Rising rents have been hitting many U.S. households hard in recent months.

After remaining flat for most of 2020, the national median rent rose by 17.6% in 2021 and is already up another 6.7% year-over-year in 2022. And as the largest regular expense that most households face, the rise in housing costs is squeezing budgets in every other category.

Price pressures from rent are challenging for college students, especially first generation college students and those from low-income families. Students often lack the rental history or savings for deposits that help them get approved for a rental.

Academic obligations may limit students' ability to work and earn money to put toward rent, so they frequently take out more in loans to cover living costs in addition to tuition and fees. And while many colleges offer housing to students, on-campus housing supply is not always sufficient to meet student demand — and, in some cases, may not even be more affordable than off-campus options. As a result of these issues, students often struggle to find adequate housing. According to research from the U.S. Department of Housing and Urban Development, tens of thousands of college students are homeless.Students' challenges with finding housing also have consequences for their success in school. Research has found statistically significant relationships between housing insecurity and college persistence and completion. The insecurity can also lead to greater stress, worse physical health and increased incidence of depression.

The student housing issue has grown in scope and significance over the last two decades as record numbers of students pursue higher education. The 72 million member millennial generation first reached college in 2000 and have become the most educated generation in U.S. history. Enrollments of nontraditional students also grew following the Great Recession as more adults pursued new careers or additional credentials to be competitive in a difficult job market. As a result of these trends, the total number of degrees and certificates awarded annually grew by more than 56% since 2002 and nearly 25% since 2010.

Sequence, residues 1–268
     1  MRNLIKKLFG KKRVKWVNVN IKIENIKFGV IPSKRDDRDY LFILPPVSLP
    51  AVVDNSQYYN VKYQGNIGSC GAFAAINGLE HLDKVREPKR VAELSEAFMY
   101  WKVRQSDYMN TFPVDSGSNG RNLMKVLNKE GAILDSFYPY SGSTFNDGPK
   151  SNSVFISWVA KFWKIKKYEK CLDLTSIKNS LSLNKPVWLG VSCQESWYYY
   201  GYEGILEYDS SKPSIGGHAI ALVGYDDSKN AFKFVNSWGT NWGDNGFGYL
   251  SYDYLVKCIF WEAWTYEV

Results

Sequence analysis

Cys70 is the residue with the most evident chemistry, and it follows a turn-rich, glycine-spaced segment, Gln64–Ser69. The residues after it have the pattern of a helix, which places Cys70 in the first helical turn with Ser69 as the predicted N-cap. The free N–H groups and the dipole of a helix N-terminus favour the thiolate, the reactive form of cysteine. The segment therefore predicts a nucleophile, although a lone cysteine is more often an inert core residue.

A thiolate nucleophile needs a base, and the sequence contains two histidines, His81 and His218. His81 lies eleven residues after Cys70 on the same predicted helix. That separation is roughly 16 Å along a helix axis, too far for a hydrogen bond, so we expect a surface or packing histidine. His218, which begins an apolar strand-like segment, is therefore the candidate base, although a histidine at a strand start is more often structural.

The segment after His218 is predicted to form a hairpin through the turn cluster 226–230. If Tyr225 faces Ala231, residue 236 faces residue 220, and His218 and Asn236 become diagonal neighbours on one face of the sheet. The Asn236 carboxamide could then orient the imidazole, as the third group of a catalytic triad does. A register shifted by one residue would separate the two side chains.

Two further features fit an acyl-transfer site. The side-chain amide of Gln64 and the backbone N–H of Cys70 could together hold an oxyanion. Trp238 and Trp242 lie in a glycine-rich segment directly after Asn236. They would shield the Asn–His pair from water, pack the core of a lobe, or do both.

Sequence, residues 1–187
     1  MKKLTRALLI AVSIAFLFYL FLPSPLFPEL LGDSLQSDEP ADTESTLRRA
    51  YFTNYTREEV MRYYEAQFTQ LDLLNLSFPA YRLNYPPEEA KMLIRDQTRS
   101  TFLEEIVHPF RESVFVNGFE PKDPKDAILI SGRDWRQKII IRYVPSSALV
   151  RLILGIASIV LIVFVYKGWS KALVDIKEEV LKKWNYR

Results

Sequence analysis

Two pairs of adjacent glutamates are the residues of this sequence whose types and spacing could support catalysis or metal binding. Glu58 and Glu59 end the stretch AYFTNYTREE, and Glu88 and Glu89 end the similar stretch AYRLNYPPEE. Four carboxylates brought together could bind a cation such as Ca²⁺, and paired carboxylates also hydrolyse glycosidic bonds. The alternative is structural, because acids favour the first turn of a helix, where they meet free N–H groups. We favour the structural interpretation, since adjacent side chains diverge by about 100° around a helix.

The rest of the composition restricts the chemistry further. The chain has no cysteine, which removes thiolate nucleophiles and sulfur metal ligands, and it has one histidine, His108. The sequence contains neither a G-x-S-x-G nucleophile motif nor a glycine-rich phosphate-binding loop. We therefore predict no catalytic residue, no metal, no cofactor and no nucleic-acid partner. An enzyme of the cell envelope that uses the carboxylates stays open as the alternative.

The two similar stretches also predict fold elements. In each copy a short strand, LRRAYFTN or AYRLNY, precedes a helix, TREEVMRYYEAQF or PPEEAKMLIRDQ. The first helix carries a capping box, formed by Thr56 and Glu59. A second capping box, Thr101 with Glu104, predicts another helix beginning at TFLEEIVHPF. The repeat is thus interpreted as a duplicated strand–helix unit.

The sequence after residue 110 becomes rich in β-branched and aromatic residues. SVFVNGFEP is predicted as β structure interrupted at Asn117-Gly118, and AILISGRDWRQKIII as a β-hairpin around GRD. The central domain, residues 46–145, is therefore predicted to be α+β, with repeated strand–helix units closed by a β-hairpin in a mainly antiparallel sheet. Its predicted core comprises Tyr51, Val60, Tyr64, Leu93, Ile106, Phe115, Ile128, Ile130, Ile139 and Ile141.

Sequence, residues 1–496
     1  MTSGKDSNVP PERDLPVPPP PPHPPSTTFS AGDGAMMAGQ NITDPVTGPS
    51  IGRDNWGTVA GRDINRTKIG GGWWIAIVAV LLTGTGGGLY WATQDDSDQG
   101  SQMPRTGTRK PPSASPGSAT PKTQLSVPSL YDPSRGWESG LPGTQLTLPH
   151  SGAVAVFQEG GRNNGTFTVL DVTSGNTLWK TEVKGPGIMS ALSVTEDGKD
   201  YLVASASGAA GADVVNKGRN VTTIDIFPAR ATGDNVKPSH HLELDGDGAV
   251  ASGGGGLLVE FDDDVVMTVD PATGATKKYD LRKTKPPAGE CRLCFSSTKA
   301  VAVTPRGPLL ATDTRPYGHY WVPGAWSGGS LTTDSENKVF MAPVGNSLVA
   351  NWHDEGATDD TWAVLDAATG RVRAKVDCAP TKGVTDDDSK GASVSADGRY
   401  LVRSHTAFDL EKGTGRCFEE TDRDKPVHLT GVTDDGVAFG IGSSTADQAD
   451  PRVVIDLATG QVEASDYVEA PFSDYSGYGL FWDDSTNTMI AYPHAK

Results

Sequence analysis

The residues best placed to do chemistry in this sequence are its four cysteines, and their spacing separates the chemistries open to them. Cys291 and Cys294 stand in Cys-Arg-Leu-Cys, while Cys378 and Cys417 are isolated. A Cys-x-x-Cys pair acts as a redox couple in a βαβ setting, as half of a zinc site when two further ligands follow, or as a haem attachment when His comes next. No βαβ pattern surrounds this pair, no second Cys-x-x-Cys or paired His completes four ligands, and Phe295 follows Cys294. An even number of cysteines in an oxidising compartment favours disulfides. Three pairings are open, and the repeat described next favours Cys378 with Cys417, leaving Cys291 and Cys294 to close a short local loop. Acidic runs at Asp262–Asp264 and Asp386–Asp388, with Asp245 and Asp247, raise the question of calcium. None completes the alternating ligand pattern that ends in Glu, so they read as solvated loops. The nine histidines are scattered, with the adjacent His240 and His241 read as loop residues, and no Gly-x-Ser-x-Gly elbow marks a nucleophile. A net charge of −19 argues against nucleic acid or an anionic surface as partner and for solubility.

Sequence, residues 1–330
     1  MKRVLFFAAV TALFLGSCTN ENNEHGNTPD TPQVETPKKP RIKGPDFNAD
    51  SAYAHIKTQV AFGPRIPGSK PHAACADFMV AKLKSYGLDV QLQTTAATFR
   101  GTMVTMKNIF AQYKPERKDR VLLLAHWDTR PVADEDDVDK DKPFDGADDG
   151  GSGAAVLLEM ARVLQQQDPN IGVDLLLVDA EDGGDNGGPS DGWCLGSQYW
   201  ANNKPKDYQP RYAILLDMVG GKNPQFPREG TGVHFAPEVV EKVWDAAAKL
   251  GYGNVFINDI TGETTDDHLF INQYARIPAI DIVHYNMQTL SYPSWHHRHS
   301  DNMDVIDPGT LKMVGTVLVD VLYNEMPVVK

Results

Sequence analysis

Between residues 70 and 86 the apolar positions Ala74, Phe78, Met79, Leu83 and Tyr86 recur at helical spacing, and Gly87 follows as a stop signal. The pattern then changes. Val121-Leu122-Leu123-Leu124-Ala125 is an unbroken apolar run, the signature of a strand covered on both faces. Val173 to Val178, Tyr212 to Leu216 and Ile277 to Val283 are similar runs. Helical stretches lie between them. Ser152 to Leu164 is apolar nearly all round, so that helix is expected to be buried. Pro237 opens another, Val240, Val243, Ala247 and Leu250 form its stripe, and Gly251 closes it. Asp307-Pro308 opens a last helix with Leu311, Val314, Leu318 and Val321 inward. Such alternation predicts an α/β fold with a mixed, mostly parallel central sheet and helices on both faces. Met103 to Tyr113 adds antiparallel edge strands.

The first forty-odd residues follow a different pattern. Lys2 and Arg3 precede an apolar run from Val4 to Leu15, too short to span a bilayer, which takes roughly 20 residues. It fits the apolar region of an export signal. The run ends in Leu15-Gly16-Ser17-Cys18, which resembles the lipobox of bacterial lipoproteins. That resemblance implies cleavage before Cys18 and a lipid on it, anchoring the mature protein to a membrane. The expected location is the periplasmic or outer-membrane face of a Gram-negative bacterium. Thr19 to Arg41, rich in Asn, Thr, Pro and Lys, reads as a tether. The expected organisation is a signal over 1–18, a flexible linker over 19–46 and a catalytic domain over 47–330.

Amid this boom in enrollments, total college costs have also increased substantially. The cost of tuition, fees, room and board at a four-year college has increased by 49.5% over the last two decades, after adjusting for inflation. Today, on average for both public and private institutions, the total cost to attend a four-year school is $29,033. As housing costs continue to rise, that figure is poised to grow in coming years.

Students struggle the most with housing costs in locations where housing is expensive for all renters. The average costs of off-campus room and board are highest in some of the most expensive states in the U.S., including California, Hawaii and New York. In contrast, the most affordable states for college students include Utah, Idaho and Maine.

Home to Missouri Western State University, the St. Joseph area is lower on the list for Best College Towns for Student Renters. It ranks at 87, with a weighted average of $10,030 annual for off-campus room and board.

Laura Wyeth, with Berkshire Hathaway, said more students have been moving off campus.

"Parents of college-aged students are also choosing to purchase an income-producing property, so instead of paying rent, they're paying a mortgage and it's a great way for young people to get started in owning their own property," Wyeth said.

One option that Wyeth hopes students will look at is relocating to Downtown St. Joseph.

"I don't know if a lot of college students are aware of Downtown, and in the future I want to work on a campaign to do loft open spaces tours for students to come down," she said.

Certain college towns offer reasonable rents for student residents. Twelve major metros in the U.S. have average room and board costs below $10,000 per year, and three have costs below $8,000 annually. Many of these locations for affordable student housing also have cost of living below the national average, making them potentially good options for cost-conscious students when choosing where to live.

The data used in this analysis is from the National Center for Education Statistics' Integrated Postsecondary Education Data System and the U.S. Bureau of Economic Analysis' Regional Price Parities. To determine the best locations for student renters, researchers at Porch calculated the weighted average of off-campus room and board (not including those living with family) for the 2020-2021 academic year, with lower values being ranked higher. In the event of a tie, the location with the lower weighted average of on-campus room and board was ranked higher.

News-Press NOW reporter Andrew Gaug contributed to this story.
Andrew Gaug can be reached at andrew.gaug@newspressnow.com. Follow him on Twitter: @NPNOWGaug